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In Conversation With Michael K. Smith Author of In the Shadow of Gold
From:
Norm Goldman --  bookpleasures.com Norm Goldman -- bookpleasures.com
For Immediate Release:
Dateline: Montreal , QC
Friday, November 13, 2020

 

Bookpleasures.com welcomes as our guest Michael K. Smith author of In the Shadow of Gold.

Norm: Good day Michael andthanks for participating in our interview.

Norm: Pleasetell our readers a little bit about your personal and professionalbackground.


Michael: I’ve beentrained as a mechanical engineer and started an auto parts businessin 1980. The business was sold in 2000 and I retired at age 60. ThenI pursued life’s pleasures: hunting, fishing, flying, traveling.But after a few years, I needed something else…some new kind ofchallenge.

I thought back to my college years and as an engineeringstudent, I didn’t take elective courses. However, a young lady Iwas dating at the time signed up for a creative writing course so Idid too.

The first assignment was a short story which I wrote aboutthe Civil War. Three days later the professor read the story to theclass…creative writing may have been the only ‘A’ I received infour years!  So, as I was thinking of something new to do, Ithought of that old short story and started to write a book. Thatshort story became the last chapter of my first novel: HomeAgain. Writing has become a passion and In the Shadow ofGold is my fifth novel.

Norm: How long have youbeen writing? What keeps you going and why do you write? Do you havea theme, message, or goal for your books?  

Michael:  I’vebeen writing for seven years and all of them are historical novelseither about the American Civil War or World War2. My idea is toentertain a reader with a good story and also to leave that readerwith historical knowledge and understanding of the time that he/shemay not have had before.

Norm: Whyhave you been drawn to historical fiction? As a follow up, arethere aesthetic advantages and disadvantages peculiar to historicalfiction? Does it have a particular form?  

Michael: I guess I’mcomfortable in an either Civil War or WW2 setting, so envisioning astory in those environments comes easy. The advantage is the timeline. All my novels march to the beat of a known time and thatframework allows my characters to evolve as they experience differentaspects of the events at the time. Almost all of my research, then,is via non-fictional sources. They say that a non-fictional historybook will tell you what happened and when, but a historical novelwill tell you how it felt and what people had to deal with.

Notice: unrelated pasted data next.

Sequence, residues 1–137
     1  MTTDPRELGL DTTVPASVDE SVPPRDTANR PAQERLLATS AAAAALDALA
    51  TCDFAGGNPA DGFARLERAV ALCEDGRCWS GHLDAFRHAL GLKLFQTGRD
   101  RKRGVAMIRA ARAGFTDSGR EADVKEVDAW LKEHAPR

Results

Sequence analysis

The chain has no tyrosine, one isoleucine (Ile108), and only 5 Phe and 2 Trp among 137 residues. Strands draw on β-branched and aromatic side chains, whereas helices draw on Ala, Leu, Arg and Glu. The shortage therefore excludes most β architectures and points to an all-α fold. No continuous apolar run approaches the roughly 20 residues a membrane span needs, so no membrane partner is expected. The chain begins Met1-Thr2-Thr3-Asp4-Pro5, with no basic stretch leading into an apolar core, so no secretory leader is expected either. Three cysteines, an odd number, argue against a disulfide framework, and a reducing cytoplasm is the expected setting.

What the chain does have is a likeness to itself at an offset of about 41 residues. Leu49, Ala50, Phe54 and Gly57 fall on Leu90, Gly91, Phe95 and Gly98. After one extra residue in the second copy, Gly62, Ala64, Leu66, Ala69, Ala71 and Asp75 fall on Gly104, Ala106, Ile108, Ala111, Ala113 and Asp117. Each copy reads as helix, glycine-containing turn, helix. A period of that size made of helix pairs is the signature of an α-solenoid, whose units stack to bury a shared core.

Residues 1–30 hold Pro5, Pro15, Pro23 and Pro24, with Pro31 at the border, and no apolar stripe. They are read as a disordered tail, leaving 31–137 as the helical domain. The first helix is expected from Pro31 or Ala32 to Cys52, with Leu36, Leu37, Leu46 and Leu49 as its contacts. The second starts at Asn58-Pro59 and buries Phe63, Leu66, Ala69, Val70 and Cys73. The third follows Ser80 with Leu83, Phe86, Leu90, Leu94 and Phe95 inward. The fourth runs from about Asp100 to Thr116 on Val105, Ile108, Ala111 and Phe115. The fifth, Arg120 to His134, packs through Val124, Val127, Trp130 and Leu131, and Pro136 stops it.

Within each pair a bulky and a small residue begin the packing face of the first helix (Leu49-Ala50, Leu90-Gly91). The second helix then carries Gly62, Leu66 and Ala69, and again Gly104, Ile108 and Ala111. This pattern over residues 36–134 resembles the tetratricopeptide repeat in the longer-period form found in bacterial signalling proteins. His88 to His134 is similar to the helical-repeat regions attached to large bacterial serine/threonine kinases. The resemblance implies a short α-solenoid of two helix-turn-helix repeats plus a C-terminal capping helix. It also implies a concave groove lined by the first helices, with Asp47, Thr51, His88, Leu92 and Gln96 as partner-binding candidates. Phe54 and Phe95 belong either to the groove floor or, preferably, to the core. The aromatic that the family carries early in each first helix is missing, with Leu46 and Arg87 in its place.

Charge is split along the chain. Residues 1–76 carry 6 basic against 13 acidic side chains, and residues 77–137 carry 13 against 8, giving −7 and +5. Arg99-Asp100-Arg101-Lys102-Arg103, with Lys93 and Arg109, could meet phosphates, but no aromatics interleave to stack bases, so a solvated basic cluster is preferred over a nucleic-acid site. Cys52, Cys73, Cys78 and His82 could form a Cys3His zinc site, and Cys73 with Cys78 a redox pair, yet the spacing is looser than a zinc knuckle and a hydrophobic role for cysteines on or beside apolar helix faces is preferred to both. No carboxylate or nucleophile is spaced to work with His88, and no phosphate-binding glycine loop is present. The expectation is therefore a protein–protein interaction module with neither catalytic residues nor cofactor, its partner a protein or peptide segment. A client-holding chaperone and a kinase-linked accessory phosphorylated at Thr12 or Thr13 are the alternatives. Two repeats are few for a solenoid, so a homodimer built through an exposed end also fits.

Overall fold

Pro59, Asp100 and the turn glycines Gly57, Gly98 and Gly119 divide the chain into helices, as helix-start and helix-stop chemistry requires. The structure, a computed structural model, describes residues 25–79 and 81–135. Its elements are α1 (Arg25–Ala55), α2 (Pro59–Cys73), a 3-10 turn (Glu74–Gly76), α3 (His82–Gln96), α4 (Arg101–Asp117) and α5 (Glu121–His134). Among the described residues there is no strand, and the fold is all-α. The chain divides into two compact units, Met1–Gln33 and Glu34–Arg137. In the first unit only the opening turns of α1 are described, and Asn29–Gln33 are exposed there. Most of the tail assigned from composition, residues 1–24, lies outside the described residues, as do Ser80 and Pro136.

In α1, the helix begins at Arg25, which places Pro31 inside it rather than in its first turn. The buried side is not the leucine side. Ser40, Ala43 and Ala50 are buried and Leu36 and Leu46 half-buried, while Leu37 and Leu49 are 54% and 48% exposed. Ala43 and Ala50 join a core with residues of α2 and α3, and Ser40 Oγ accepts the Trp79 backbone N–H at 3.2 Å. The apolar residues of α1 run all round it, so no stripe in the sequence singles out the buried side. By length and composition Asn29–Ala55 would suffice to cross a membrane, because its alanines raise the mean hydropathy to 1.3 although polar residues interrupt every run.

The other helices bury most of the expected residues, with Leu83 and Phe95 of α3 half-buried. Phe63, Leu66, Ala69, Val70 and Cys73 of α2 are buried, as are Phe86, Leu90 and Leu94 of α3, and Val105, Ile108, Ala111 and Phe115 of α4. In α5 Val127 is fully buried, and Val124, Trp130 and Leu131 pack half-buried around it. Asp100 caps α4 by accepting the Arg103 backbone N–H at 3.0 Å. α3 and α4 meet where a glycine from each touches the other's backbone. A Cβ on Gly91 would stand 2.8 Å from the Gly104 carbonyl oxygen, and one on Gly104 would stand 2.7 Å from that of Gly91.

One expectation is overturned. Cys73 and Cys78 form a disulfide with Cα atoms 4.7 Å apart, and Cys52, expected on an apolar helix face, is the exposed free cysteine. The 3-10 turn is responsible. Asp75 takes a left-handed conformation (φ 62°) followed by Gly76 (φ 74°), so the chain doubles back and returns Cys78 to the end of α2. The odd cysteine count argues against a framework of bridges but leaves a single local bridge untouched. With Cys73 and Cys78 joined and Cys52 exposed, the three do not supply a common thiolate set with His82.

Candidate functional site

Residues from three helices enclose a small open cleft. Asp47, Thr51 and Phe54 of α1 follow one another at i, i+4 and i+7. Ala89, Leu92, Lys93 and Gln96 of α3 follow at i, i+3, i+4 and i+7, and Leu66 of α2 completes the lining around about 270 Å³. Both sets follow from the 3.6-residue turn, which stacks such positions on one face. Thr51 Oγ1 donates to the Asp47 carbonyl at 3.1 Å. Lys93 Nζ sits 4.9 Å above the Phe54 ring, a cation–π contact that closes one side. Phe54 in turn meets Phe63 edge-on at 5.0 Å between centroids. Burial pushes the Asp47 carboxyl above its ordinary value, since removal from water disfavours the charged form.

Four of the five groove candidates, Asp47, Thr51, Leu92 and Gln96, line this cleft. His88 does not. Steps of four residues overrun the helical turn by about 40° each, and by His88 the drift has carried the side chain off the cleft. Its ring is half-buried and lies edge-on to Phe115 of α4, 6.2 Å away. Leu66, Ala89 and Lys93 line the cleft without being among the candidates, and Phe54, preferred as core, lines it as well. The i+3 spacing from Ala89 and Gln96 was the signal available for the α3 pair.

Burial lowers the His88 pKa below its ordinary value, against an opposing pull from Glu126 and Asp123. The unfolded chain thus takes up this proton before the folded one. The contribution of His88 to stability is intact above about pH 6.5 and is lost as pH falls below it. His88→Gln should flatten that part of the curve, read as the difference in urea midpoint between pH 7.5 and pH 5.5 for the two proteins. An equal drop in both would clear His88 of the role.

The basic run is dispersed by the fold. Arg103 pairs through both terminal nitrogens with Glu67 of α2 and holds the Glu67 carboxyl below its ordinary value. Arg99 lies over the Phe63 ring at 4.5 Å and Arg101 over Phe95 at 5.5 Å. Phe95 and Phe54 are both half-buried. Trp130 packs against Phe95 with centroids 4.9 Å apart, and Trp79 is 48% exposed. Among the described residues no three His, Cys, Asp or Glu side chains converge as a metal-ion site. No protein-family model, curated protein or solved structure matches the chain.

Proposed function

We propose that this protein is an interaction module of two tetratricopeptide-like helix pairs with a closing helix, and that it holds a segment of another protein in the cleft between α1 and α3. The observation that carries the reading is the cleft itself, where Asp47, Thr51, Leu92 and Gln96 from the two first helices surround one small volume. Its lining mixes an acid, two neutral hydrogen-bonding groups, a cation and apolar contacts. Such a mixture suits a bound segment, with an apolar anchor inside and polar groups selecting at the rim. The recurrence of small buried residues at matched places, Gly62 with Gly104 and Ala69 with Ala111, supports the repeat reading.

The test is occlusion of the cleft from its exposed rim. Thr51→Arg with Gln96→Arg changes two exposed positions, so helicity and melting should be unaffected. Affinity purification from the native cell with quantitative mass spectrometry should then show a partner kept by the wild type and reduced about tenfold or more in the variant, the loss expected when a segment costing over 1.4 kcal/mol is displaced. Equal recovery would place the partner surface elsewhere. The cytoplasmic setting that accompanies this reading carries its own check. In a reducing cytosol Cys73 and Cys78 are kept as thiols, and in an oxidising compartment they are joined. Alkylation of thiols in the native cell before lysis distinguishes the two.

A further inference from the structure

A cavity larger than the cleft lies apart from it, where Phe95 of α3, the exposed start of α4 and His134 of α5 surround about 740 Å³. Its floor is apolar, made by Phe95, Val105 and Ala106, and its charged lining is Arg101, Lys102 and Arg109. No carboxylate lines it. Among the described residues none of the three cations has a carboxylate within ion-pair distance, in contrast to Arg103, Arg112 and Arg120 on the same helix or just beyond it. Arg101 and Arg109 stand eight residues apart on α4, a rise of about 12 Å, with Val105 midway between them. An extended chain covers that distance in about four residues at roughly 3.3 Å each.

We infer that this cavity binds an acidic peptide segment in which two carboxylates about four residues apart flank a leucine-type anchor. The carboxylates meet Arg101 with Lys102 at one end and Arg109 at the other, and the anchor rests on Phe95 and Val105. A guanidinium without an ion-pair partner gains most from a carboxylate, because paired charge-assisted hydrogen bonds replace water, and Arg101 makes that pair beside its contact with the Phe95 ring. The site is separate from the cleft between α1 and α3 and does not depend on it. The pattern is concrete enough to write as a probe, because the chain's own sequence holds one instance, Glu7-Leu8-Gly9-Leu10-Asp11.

Norm:In fiction as well as in non-fiction, writers very often takeliberties with their material to tell a good story or make a point.But how much is too much?  

Michael: This is a goodquestion because it differentiates some differences between somehistorical novel authors. I would never want to bend the actualhistory to make a story better. My characters work inside thetimeline and possibly interface with actual historical characters butthe actual historical characters have to have been in the exact sameplace and same time. For this reason, my novels tend to be wellreceived by staunch history buffs.

Norm; Do you writeorganically or are you a planner?

Michael: Maybe a blend ofboth. I usually know where the novel starts and ends, but my scenestend to be organic. When a scene is established, I like to let thecharacters play the scene out. Many times I do not know where thescene is going. The characters just keep acting and interfacing untilit’s over. What’s really fun is to read it after the scene isover and wondering where it all came from.

Norm: Youwrite with a very vivid and descriptive style. Do you use anyparticular techniques to help with your writing or to help flesh outdescriptive imagery? Are there any writers you admire or look to forinspiration? 

Michael: Descriptiveimagery is all powerful tool. Not only does it ground the reader in ascene, but it can be used as pregnant pause. Say there is a dialoguebetween two characters who are having a heated discussion and onecharacter issues an ultimatum to the other. The other character istaken aback and doesn’t know immediately what to say. Instead ofsaying it, a descriptive piece of imagery lets the reader know he istaking some time to respond. I especially like Ian McEwan’ methods.

Norm: What did you knowgoing in about your theme in your recent novel, In the Shadow ofGoldHow did you become involved with thesubject or theme of your book?